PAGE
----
By Faseeh Mangi
Pakistans government has decided enough is enough: the $51 billion rout in the countrys stock market since its entry into MSCI Inc.s indexes two years ago must be stopped.
Prime Minister Imran Khans administration is putting together a fund with contributions from banks and insurance firms to buy stocks through a state-owned asset management company, according to the regulator. The fund, proposed by brokers this month, will be similar to the one that helped stabilize the Karachi market after the 2008 financial crisis.
Thats not all. The regulator has eased norms to allow companies to buy back more of their shares and is drawing up rules for allowing smaller firms and fintech startups to list with less stringent reporting standards. The measures aim to arrest a two-year slide that has made Pakistan the worlds worst-performing stock market.
“The fund is under serious consideration to be launched hopefully by next week to 10 days, Farrukh Sabzwari, chairman at the Securities and Exchange Commission of Pakistan said in a phone interview. “Youll get more color in the next few days” on the funds composition and size, he said.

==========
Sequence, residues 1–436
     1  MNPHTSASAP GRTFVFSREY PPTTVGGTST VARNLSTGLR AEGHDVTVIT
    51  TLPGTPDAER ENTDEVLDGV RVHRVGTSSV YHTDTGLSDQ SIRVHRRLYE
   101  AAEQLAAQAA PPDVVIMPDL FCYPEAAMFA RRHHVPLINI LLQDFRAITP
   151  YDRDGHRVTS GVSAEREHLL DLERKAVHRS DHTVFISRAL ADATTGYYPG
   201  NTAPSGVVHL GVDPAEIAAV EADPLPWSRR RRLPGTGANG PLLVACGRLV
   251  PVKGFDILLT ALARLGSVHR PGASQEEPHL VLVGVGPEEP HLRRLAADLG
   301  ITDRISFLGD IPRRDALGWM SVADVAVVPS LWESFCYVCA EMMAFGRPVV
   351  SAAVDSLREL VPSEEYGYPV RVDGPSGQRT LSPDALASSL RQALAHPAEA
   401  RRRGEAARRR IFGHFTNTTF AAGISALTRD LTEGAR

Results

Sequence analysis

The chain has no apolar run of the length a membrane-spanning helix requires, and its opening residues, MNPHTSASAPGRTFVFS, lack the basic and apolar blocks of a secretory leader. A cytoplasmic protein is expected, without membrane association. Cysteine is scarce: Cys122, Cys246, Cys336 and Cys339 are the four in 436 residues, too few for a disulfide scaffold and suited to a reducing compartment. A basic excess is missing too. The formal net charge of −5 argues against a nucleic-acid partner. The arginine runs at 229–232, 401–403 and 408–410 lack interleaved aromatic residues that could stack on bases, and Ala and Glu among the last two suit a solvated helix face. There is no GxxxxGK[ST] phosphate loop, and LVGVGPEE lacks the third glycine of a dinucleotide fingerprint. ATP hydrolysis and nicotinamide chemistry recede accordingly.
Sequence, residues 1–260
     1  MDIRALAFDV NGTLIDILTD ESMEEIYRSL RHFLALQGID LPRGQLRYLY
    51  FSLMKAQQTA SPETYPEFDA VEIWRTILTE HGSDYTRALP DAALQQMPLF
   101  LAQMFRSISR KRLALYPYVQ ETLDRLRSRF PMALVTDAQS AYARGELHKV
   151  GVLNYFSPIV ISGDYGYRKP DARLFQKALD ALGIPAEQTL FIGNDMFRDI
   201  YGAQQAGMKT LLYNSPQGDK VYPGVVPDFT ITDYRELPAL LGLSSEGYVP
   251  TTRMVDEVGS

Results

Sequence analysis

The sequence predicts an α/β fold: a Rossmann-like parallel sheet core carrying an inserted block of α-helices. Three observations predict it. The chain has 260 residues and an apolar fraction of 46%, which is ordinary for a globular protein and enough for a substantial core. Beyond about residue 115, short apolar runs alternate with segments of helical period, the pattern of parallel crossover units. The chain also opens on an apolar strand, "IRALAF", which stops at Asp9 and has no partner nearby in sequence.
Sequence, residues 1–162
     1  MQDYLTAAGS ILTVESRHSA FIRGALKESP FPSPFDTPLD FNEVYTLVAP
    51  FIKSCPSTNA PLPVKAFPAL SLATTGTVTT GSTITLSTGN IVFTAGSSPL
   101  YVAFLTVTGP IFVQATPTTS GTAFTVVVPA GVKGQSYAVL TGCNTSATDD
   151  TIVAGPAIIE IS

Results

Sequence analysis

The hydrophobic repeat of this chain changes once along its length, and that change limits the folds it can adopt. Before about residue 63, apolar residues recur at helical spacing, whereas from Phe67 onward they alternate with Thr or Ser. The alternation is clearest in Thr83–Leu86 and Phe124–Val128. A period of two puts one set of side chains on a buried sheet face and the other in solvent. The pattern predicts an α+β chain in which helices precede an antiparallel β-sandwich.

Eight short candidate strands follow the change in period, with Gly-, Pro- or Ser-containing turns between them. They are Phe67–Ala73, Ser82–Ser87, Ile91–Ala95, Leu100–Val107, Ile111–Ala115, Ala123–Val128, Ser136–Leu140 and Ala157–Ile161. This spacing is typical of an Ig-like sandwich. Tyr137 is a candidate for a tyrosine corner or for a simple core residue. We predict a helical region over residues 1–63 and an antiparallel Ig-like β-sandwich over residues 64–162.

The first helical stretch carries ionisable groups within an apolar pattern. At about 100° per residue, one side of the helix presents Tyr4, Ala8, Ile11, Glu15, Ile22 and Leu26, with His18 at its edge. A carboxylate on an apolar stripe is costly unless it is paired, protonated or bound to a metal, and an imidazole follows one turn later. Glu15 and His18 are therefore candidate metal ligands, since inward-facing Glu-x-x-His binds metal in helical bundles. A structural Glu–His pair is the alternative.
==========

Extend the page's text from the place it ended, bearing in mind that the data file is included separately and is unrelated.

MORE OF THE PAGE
Pakistans return to emerging-market status at MSCI in June 2017 proved to be a nightmare for investors, as it sparked outflows instead of the expected foreign inflows. The benchmark index has since slumped 31 per cent, and trades at one of the lowest valuations for any market at just over six times projected earnings.
Traders in the Karachi are no strangers to government support measures. A similar fund by the National Investment Trust in early 2009 put Pakistans market on a recovery path. Between the collapse of Lehman Brothers in September 2008 and the nations upgrade to an emerging market, Karachis benchmark index surged 300 per cent in dollar terms, the best stock-market performance in the world.
The market cheered the proposal, with the benchmark KSE-100 Index surging 2.6 per cent at 10:46 a.m. local time, set for the highest level in almost a month. “Investors are upbeat after the chairman commits a timeline for the fund," said Gohar Rasool, head of international sales at Intermarket Securities Ltd.
Pakistan is now barely visible in the emerging-markets universe, where giants like China and India attract all of investors attention. With a weight of a third of one percent in the benchmark index, the country is no more than a rounding error in global portfolios. The market has fallen below a keRead More – Source